As NBA begins new season, here's an opening tip: West is best

Phil Jackman

November 05, 1993|By Phil Jackman

The TV Repairman:

TNT gets its voluminous NBA schedule of 51 games (it only seems like more) off to a flying start tonight with the Chicago Bulls and Charlotte Hornets colliding at 8, followed by the Los Angeles Lakers and Phoenix Suns at 10:30.

A tip from analyst Hubie Brown, who will be doing the late game, is that if a game involves teams from the Western Conference, "make sure and tune in. The West is loaded."

Meanwhile, and this should aid the cause of the Washington Bullets as they attempt to escape the depths of the league, Hubie classifies the East as "extremely weak when considering where it has been in the past."

The Bullets open on the road in Philadelphia, Charlie Slowes doing a simulcast on Channel 20 and WXCL (103.1 FM) at 7:30. Slowes says, "You know in the past, how if a guy didn't like the TV announcer he'd turn the sound down and tune in radio? Well, we'll have no more of that around here."

* The biggest problem with Washington's Channel 7 picking up the Maryland-Florida State game in progress tomorrow at 1 p.m. is the point total of the top-ranked Seminoles figures to be in the 30s by then.

Obviously, this is an "in progress" weekend hereabout, Channel 13 joining the prestigious Skate America figure skating telecast on ABC an hour late Sunday, so it can do a Sports Illustrated Swimsuit Edition show at 2 p.m. Ah, priorities.

* Ever since reading about the guy who got plugged by his wife in Florida because she wanted to watch the news while he preferred football, I've given up sole possession of the remote control and have taken to hiding the TV Guide.

Speaking of man's favorite pastime, channel grazing, even the most accomplished flipper will be put to a stern test tomorrow with seven dynamite races from the Breeders' Cup being shown on NBC between 1:30 p.m. and 6 p.m. while four football games, Paris indoor tennis, figure skating and a few other things are raging elsewhere.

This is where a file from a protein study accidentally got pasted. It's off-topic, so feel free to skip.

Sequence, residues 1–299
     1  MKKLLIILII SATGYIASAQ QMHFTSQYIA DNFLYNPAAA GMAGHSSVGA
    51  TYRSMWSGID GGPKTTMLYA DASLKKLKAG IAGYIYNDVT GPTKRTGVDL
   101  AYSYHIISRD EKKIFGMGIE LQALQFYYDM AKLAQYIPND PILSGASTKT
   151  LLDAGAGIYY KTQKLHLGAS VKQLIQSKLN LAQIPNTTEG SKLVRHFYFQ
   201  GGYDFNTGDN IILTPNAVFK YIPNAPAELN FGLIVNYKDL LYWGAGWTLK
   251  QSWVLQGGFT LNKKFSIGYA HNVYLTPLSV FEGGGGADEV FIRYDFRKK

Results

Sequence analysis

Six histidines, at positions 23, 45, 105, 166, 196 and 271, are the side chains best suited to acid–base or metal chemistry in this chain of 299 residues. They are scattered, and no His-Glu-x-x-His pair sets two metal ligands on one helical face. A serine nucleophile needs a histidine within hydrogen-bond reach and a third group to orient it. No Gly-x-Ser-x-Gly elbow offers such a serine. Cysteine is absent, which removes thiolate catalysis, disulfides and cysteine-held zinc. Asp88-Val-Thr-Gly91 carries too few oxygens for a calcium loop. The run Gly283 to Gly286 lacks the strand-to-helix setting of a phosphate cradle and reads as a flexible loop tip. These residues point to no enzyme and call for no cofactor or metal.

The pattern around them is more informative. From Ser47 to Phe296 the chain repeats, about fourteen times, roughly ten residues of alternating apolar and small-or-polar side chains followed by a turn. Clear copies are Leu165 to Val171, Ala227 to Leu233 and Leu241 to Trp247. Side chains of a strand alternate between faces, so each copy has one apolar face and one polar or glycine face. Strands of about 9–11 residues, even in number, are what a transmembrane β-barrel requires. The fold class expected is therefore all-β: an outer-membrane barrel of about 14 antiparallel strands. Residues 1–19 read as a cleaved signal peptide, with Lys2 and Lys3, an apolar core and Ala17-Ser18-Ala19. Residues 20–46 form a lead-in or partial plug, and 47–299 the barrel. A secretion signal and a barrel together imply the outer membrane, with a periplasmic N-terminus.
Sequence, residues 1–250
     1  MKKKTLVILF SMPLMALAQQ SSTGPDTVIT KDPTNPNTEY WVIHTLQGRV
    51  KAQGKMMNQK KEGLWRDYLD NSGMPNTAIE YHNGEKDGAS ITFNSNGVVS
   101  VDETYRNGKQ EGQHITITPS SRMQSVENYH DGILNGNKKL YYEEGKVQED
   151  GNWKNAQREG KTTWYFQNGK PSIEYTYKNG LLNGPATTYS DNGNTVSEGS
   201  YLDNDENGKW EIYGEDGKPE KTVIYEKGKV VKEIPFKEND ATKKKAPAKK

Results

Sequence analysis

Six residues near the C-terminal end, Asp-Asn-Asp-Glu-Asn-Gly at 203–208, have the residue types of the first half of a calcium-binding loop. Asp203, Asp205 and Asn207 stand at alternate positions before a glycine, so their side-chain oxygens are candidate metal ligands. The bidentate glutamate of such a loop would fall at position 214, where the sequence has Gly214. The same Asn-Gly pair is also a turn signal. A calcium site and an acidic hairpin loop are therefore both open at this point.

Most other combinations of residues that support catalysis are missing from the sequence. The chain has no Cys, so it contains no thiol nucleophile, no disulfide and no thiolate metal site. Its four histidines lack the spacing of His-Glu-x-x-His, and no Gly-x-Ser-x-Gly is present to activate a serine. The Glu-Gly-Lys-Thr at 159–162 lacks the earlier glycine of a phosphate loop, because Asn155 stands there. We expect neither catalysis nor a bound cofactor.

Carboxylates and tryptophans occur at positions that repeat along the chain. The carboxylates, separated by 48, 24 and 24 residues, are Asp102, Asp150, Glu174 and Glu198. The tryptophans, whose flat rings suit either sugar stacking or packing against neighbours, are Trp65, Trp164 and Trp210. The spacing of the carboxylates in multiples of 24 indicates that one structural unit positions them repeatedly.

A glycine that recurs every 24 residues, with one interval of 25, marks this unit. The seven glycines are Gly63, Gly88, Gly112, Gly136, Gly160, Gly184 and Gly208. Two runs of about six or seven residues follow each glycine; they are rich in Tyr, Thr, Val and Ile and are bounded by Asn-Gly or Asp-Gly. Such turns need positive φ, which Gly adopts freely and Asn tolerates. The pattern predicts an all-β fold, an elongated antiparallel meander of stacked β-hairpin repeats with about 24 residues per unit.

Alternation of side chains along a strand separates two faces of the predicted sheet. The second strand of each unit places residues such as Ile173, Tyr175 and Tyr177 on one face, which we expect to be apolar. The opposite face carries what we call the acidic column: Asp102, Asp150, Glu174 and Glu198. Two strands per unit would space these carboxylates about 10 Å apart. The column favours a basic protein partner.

The Breeders' is now in its 10th year and, despite scores of memorable races, the ratings lately have been embarrassing. What was once a 5.1 (4.7 million homes) is now a 3.0 (2.8 million homes). Regardless, NBC continues to throw everything it has into it, and for this it should be commended.

The top races tomorrow should be the Juvenile (the fifth race), pitting next year's Triple Crown hopefuls, the highly competitive Distaff, and, of course, the $3 million Breeders' Cup Classic.

* The Riddick Bowe-Evander Holyfield battle for the heavyweight championship starts at 9 p.m. tomorrow on pay-per-view, and the hope is that the oddsmakers have no clue for a change:

Bowe is a 4-to-1 favorite.

While Bowe has expressed the opinion, "Everyone knows Evander's seen his better days," and Holyfield was only ordinary in a win over Alex Stewart, the champ has had just two short fights in the past year, against tomato cans Michael Dokes and Jesse Ferguson. Many think he's having a very tough time maintaining interest in his chosen profession.

Tommy Hearns on the undercard, taking on Andrew Maynard, will add to the obligatory bios accompanying the action, not to mention the fireworks always assured when Hearns winds up and starts firing that lethal right hand.

* Quipster Randy Cross of CBS, one of the best pro grid commentators, says of the 1-6 Washington Redskins, "Injuries and a couple of other factors have given the Washington-Baltimore area the expansion team it wanted."

* ESPN's Sunday night series of NFL games isn't the most appealing you'll ever see, beginning with the Colts at the Redskins this week. Then it's Bears at Chargers, Vikings at Buccaneers and Steelers at Houston closing out November. Come to think of it, just how many good NFL matchups can you think of these days?

* Chris Berman knows a good thing we he sees it. "Boomer" just signed a seven-year contract extension with ESPN, taking him through 2001 (and a sure toupee). Unlike most of his colleagues, Berman knows the key to his success: "Maybe it's that I don't annoy people."

* Reports of Dale Hunter's return to practice with the Washington Capitals (both print and broadcast) made it appear as though he were coming back from a goodwill mission or something equally laudable. Remember the guy's sneak attack from the rear during the playoffs that earned him the lengthy suspension? Obviously, a lot of the media doesn't.

* Usually, time and experience result in a sportscaster improving, becoming more insightful and developing a pleasing style. Then there's Paul Maguire. Is every night New Year's Eve with this guy? His analysis while doing games for NBC is often anything but.

"This is what you call a running back taking on a corner back," said Maguire of a replay during the Jets-Giants game last Sunday. Oh! This is one of about a dozen comments that added nothing and didn't make much sense.

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